Understanding the role of epidemiology and biostatistics in public health

Divya

Faculty: Health, Education, Medicine and Social Care
School: School of Allied Health
Course: MSc Public Health
Category: Student Ambassador

2 July 2021

MSc Public Health student Divya has recently studied a module on epidemiology and biostatistics. In this blog, she explains what these fields are and how the module has been taught effectively.

What is epidemiology?

Epidemiology is a study that mainly deals with two important aspects: distribution and determinants of disease:

  • distribution – frequency and pattern of the specific disease
  • determinants – causes and the risk factors related to the disease.

Epidemiology may focus on a specific population like a neighbourhood, school, city, state, or country.

Epidemiologists are vital because they help paint a picture of what a disease does and how it can be prevented and treated. They study the following elements:

  • cause of the disease
  • neighbourhood, city, state, country and global spread
  • health impact of the disease
  • disease frequency and pattern
  • socioeconomic impact of the disease.

What is biostatistics?

Biostatistics is the discipline that deals with the collection, organisation, analysis, interpretation and presentation of data. It is considered as one of the foundational disciplines in public health.

Biostatisticians are those who may study diseases, disorders and health risks associated with certain behaviours or with the local environment:

  • some statistical researchers focus on particular population
  • some look at a specific health concern
  • some encompass the study of environmental factors.

Quantitative and qualitative research is conducted by biostatisticians in order to identify health trends of a population and risk factors. This includes several methodologies like:

  • surveys
  • case studies
  • focus groups
  • clinical trails
  • field observation
  • laboratory experiments

Through these methods, biostatisticians collect and analyse data which will help them find out how different diseases originate or spread, with the help of statistically significant conclusions. All these help in the control, prevention and eradication of the disease.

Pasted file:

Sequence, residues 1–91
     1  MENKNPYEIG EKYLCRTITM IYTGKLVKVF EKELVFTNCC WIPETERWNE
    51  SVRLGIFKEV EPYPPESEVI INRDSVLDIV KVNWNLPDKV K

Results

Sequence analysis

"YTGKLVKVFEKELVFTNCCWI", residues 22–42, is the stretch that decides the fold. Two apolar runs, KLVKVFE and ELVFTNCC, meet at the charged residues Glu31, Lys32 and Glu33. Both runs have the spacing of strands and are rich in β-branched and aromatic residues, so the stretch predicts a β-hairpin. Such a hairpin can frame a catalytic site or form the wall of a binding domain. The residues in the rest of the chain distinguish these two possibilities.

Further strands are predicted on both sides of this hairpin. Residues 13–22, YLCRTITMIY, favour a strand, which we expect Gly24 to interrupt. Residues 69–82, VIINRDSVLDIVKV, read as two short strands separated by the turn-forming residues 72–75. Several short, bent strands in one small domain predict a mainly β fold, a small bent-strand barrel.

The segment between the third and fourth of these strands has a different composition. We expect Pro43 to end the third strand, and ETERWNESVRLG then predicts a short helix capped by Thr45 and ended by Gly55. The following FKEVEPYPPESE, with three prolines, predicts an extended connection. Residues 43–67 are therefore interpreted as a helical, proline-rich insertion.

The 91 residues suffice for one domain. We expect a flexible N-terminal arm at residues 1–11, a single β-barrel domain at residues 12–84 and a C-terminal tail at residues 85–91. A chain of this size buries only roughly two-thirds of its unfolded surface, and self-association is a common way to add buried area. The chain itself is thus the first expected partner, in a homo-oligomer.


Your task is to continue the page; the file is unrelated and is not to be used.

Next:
How does ARU teach epidemiology and biostatistics?

Lecturers in epidemiology and biostatistics are so friendly and help students inside and outside of teaching, making us familiar with all the services provided by ARU to help us develop.

They train us to become independent and that made me confident in my subject. They engage us in all the academic events depending on the interest of the student and help all students improve their skillset. 

The way my lecturer teaches makes me think about particular modules more; he provided all the sources, PowerPoint presentations and reading lists. ARU also gives us the access to SPSS, which is an expensive software, and a great opportunity to learn a new statistical program. The assessment helped me develop my knowledge in this field irrespective of my grades.

The way they provide supervision is incredible. They will arrange tutorial sessions which are so helpful. The lecturer will try to make all the students speak and make the session interactive. Those sessions are very useful for students as we can learn something from each other’s work (and doubts). It encourages us to do our work in a better way.

If we have done a good job they will support us a lot and encourage us to improve by sharing our work. For example: encouraging students to showcase our research work in conferences, and helping me to have my research article published in a journal.

The delivery of teaching, even if it is online, is made interesting. Our lecturer made all the students feel comfortable and involved everyone in the session; we’re confident about asking questions. The way he made us learn the module was extraordinary as he created groups, conducted competitions, quizzes and mock tests. I’m sure this particular module will be one of my favourites in my Masters; for me, it’s really created an interest in epidemiology and biostatistics.

Disclaimer

The views expressed here are those of the individual and do not necessarily represent the views of Anglia Ruskin University. If you've got any concerns please contact us.